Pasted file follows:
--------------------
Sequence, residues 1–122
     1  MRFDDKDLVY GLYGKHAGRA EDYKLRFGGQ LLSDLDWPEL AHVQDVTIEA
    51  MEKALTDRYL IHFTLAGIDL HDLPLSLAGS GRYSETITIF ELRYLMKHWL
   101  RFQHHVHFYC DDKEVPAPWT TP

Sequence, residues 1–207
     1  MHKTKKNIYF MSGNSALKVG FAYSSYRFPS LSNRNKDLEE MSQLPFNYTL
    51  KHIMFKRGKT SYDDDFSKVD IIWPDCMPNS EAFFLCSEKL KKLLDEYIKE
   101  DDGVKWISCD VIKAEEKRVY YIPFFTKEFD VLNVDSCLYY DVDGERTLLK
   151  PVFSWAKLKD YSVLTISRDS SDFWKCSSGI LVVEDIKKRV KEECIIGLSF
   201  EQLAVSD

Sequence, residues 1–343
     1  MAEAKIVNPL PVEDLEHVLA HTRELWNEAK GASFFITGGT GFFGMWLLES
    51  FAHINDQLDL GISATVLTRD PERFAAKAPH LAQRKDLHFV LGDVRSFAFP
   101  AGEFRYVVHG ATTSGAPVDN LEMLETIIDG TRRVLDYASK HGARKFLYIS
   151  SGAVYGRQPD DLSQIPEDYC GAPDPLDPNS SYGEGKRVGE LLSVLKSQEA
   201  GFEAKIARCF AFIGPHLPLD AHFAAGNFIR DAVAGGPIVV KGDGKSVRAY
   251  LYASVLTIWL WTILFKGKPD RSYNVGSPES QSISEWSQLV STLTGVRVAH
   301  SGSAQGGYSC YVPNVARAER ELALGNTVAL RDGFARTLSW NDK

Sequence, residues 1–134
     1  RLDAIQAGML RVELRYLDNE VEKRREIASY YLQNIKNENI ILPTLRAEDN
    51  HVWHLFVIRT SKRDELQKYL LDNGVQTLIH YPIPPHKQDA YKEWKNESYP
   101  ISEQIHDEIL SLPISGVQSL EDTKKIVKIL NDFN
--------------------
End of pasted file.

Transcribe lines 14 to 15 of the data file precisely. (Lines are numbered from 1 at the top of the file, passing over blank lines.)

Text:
   101  AGEFRYVVHG ATTSGAPVDN LEMLETIIDG TRRVLDYASK HGARKFLYIS
   151  SGAVYGRQPD DLSQIPEDYC GAPDPLDPNS SYGEGKRVGE LLSVLKSQEA